After a lecture at a Midwestern university, a student pulled me aside. She told me that she had been raped by her third cousin when she was 13 years old and had become pregnant. Her parents had helped her have the privacy she wanted during her pregnancy, and then she placed her son with two loving parents.
I asked her why she had made the decision to have the child — when she was only a girl who had lived through what was arguably the worst of circumstances. She said she would never pass to her own unborn child the violence that had been inflicted on her. Now that is the strength of a woman.
— Serrin Foster is executive director of Feminists for Life, which has run an ad on this topic.
MATTHEW J. FRANCK
I have no opinion on whether Congressman Todd Akin should remain a candidate for senator in Missouri. He said something very wrong, and something very right. What he said about “legitimate rape” and the chances of a rape victim becoming pregnant was wrong and offensive, and he has apologized. He evidently spoke out of ignorance, and he has learned better. What he said about the injustice of abortion even in the case of rape, however, was absolutely right, and this spoke well of his moral sense. It is a hard saying, but it must be said: The abortion of a child conceived because of a rape is as wrong as any other abortion. Women and their babies, in every kind of crisis pregnancy, need our love, compassion, and support. But abortion is never what anyone needs to heal a wound; it only opens a new one.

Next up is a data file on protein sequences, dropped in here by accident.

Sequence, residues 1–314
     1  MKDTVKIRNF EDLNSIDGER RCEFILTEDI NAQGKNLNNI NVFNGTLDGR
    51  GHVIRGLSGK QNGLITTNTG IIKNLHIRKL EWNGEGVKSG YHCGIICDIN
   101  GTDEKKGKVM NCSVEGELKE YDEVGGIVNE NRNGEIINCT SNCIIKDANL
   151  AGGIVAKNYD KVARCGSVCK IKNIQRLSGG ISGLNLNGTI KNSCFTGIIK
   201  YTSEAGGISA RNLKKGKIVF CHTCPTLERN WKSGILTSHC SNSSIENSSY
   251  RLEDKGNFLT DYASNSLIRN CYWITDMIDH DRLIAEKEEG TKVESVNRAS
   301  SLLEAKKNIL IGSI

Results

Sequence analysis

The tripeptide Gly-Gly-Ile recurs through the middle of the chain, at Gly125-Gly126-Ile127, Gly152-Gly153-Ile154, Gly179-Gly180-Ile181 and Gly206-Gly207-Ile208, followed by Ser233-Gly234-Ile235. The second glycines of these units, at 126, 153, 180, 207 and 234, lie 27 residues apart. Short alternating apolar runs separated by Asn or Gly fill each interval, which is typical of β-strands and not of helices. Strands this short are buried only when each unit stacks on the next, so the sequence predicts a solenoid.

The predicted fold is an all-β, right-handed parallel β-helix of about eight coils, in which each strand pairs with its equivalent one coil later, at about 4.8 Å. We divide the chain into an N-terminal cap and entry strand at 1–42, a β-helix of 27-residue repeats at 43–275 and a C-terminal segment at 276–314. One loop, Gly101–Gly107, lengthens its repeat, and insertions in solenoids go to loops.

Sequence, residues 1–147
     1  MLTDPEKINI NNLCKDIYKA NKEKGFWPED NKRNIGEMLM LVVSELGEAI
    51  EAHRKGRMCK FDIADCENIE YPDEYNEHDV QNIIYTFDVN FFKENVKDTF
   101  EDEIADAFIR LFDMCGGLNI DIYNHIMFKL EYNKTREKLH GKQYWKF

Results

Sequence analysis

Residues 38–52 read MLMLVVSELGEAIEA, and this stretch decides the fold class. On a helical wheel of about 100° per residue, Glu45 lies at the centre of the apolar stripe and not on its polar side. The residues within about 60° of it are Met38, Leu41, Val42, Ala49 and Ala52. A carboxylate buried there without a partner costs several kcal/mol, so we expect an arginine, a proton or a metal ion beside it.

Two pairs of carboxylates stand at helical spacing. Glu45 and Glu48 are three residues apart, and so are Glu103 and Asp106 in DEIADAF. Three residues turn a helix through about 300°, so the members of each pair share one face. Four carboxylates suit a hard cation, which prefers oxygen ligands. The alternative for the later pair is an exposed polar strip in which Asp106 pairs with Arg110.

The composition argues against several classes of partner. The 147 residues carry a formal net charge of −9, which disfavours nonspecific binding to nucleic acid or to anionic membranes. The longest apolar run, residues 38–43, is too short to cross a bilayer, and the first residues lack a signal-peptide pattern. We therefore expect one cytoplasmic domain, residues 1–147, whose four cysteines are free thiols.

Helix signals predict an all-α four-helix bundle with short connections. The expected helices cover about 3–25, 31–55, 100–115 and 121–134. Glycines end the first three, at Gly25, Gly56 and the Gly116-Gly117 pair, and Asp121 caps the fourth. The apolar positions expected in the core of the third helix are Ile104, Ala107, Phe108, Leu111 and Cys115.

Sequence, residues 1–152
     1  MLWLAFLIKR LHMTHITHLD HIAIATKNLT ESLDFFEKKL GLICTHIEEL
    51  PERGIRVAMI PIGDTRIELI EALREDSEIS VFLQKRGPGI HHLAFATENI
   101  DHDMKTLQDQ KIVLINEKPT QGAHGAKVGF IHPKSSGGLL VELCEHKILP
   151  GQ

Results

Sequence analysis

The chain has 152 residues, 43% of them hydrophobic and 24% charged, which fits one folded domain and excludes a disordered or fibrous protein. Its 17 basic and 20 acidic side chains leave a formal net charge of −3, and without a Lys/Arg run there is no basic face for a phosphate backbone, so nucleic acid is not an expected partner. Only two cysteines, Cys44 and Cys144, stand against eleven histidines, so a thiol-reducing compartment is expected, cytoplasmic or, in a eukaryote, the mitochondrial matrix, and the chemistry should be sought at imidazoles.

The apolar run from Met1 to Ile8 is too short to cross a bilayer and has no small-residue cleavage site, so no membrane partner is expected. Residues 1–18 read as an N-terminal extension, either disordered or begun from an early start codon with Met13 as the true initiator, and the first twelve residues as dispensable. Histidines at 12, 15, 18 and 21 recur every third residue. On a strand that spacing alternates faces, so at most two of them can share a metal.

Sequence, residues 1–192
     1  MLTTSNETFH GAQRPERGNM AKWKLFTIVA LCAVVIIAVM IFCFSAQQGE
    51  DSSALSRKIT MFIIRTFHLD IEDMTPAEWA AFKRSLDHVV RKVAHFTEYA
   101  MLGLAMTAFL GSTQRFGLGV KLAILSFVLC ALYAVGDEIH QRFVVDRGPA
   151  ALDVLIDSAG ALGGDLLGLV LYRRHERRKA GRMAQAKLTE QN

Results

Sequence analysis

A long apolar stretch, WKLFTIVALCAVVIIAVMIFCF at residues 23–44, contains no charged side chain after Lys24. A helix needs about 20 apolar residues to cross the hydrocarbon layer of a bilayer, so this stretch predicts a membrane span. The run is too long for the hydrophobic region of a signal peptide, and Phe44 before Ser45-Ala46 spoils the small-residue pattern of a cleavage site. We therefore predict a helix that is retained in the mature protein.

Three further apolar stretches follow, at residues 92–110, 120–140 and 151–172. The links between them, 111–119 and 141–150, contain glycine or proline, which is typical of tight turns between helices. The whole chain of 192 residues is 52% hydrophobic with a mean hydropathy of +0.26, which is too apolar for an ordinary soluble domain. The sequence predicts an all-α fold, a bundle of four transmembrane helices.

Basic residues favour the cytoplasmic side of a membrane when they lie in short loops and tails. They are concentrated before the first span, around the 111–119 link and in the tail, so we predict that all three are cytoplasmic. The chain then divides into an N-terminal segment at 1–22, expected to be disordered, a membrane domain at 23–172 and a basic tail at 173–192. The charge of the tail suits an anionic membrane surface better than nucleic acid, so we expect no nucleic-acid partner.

It is by now a familiar question from liberal journalists when interviewing pro-life candidates: “You’re against all abortions — what about in cases of rape and incest?” Pro-lifers need to learn how to answer this question, because they can always expect it. The question tugs at heartstrings and aims at exposing a weakness. The appeal to compassion for rape and incest victims must be answered with real compassion for both parties in any pregnancy — mother and child. As for the politics of it, a pro-lifer can always say, “I am for any legislation that reduces the number of abortions and legally restricts a grave injustice. If that means a bill that eliminates most abortions that are legal now but makes an exception for rape and incest, I’m for it. But that doesn’t mean I’m for the exception. Every abortion is a tragic wrong, and we must work to restore respect for the sanctity of every life, from conception to natural death, no matter what the circumstances.”
— Matthew J. Franck is director of the William E. and Carol G. Simon Center on Religion and the Constitution at the Witherspoon Institute in Princeton, N.J.
Abortion. It’s one of those words that grip us when we hear it — sometimes with anger, sometimes with fear, and often with pain. During public discourse or political debate, it is easy to lose sight of the face of the man, woman, family member, or friend who has experienced abortion.
When I speak or write about the grief and loss due to abortion, I remind myself that at least half of all Americans have been personally affected by abortion — either through their own abortion or by the abortion of someone close to them. I consider how my word choices, tone of voice, and body language may be understood by men and women who feel isolated and alone in their pain and grief. Any communication about abortion and other reproductive outcomes may elicit painful memories and emotions, so I am careful to demonstrate compassion and support.
I believe that we can all contribute to creating a safe place for men, women, family members, and friends to share their experiences — to be accepted and heard — and to begin healing.
— Michaelene Fredenburg is the author of the book Changed: Making Sense of Your Own or a Loved One’s Abortion Experience and the founder of the Abortion Changes You outreach.